Renal urea handling

Renal urea handling

Renal urea handling is the part of renal physiology that deals with the reabsorption and secretion of urea. Movement of large amounts of urea across cell membranes is made possible by urea transporter proteins.

Urea allows the kidneys to create hyperosmotic urine (urine that has more ions in it - is "more concentrated" - than that same person's blood plasma). Preventing the loss of water in this manner is important if the person's body must save water in order to maintain a suitable blood pressure or (more likely) in order to maintain a suitable concentration of sodium ions in the blood plasma.

About 40% of the urea filtered is normally found in the final urine,[1] since there is more reabsorption than secretion along the nephron.

It is regulated by antidiuretic hormone, which controls the amount reabsorbed in the collecting duct system and secreted into the loop of Henle.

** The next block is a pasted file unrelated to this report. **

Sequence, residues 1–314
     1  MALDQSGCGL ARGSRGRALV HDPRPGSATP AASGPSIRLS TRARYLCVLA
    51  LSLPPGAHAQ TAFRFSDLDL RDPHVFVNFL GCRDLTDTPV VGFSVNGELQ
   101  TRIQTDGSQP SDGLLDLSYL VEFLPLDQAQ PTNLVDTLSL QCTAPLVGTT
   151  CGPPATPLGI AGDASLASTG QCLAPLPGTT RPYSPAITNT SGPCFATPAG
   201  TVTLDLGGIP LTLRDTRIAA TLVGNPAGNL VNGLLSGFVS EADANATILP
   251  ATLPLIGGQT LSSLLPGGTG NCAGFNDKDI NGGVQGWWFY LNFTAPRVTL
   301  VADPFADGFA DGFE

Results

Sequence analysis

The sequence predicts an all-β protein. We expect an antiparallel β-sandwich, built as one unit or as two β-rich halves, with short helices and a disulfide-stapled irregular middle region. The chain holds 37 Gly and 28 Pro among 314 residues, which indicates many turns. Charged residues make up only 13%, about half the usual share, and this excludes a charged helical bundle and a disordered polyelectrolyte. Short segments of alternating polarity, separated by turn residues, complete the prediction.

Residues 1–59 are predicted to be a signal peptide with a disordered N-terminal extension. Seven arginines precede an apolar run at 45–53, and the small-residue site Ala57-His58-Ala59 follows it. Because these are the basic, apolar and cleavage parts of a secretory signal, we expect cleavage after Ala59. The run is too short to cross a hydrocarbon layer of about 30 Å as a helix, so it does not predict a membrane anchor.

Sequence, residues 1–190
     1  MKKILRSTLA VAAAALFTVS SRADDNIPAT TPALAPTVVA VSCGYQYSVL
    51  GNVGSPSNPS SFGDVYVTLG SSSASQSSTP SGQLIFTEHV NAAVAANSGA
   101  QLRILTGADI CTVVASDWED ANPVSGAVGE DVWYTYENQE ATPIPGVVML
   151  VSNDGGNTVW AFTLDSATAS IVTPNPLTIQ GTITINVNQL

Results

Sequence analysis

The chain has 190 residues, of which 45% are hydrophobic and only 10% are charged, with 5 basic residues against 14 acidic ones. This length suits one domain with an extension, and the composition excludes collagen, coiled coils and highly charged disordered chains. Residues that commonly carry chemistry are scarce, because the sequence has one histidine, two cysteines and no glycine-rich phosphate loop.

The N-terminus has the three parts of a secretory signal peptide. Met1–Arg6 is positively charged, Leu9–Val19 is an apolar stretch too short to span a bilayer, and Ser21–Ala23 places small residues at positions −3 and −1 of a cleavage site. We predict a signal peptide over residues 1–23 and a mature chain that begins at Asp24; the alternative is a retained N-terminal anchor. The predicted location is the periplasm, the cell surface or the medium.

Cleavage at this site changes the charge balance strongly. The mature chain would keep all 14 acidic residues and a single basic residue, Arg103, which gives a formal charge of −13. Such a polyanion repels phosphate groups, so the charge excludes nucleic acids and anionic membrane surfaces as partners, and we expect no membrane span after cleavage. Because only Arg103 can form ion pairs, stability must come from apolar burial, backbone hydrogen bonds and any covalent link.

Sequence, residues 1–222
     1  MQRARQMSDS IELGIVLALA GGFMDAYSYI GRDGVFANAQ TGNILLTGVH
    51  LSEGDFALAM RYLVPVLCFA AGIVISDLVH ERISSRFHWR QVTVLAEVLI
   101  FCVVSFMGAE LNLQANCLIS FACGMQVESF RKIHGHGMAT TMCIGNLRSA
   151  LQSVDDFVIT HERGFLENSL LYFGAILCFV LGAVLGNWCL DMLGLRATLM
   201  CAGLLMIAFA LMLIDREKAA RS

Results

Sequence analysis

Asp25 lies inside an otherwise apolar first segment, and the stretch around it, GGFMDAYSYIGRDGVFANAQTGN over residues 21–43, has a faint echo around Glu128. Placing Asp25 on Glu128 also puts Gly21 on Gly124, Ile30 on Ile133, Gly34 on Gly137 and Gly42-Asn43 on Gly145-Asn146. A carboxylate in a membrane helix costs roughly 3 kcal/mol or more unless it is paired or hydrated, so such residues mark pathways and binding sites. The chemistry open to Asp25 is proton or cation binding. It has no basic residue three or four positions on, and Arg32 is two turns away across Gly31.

Overview table

Characteristic proximal tubule loop of Henle Distal convoluted tubule Collecting duct system
S1 S2 S3 descending limb thin ascending limb thick ascending limb connecting tubule initial collecting tubule cortical collecting ducts medullary collecting ducts
reabsorption (% compared to filtered amount) 50[1] 70
secretion (% compared to filtered amount) 60[1]
reabsorption (mmoles/day)
electrical driving force (mV) -3[2] +3[2] +15[2] -5 to +5[2] -40[2]
chemical driving force (mV)
electrochemical driving force (mV)
apical transport proteins
  • unknown transporter[1]
basolateral transport proteins
  • unknown transporter[1]
  • unknown transporter[1]
Other reabsorption features